In making this sculpture, what required most consideration was how Bashō appeared during his life. There are a number of paintings that are thought to have been made while Bashō was alive. To make a sculpture of a man who lived through his travels, I decided a standing pose was more appropriate than a sitting pose, so I began the project using Morikawa Kyoriku’s Bashō angya zu (Bashō’s Pilgrimage; in the collection of Tenri Central Library) as a guide.
Bashō has also been portrayed in contemporary theater, by Nakamura Ganjirō II in Hōjō Hideji’s Oku no hosomichi (Narrow Road to the Deep North), and by Bandō Mitsugorō X in Inoue Hisashi’s Bashō tsuya-bune (Bashō’s Wake Boat). Rather than Bandō’s look of handsome decency, Nakamura gave me an impression of thoughtfulness and he aided me more in envisioning Bashō.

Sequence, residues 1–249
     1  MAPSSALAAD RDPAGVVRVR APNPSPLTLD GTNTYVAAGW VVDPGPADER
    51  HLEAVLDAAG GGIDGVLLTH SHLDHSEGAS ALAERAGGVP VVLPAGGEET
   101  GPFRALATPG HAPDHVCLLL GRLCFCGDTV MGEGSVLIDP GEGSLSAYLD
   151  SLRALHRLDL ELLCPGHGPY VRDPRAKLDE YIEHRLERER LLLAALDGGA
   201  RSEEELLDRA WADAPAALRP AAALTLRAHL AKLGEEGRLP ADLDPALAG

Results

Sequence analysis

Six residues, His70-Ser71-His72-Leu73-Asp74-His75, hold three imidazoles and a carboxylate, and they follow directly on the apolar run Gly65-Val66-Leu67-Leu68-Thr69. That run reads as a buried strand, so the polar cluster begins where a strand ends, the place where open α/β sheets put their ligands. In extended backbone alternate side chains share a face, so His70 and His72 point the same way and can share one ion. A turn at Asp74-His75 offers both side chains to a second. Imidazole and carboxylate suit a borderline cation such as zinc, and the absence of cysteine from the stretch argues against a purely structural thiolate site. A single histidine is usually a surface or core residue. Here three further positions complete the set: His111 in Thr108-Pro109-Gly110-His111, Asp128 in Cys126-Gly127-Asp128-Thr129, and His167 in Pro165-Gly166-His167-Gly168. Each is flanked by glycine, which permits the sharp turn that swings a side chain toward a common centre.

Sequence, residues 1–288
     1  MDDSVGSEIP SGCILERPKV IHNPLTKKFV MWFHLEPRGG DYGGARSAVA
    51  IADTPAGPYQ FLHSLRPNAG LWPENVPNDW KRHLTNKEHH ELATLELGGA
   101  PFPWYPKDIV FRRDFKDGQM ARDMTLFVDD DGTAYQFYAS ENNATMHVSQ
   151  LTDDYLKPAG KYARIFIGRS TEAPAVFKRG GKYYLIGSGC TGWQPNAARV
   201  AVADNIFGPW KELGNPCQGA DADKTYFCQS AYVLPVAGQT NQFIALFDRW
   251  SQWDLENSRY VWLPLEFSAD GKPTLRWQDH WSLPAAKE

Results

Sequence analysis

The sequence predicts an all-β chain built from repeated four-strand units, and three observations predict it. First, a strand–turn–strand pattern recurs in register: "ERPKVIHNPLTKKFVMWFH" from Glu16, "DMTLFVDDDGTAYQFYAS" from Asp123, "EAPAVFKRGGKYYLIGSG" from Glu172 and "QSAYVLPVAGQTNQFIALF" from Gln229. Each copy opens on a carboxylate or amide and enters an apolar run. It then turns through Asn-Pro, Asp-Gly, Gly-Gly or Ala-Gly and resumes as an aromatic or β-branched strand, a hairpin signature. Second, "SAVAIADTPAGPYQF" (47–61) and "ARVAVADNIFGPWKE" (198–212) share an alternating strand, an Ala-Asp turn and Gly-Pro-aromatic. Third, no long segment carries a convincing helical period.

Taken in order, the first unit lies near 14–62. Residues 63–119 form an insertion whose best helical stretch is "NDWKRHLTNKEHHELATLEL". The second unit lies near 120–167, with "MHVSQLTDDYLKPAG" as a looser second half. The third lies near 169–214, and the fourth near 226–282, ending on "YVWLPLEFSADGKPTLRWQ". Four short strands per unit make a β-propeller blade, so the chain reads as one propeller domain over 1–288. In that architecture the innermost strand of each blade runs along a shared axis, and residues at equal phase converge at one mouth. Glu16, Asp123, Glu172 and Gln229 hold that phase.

As I am still young, facing such a great artist and carving his image meant that the blade felt very heavy in my hands. I learned a great deal through making the statue of Bashō, but it seems that a great deal of time will be required before I can sculpt with the sense of karumi (lightness) that the poet advocated.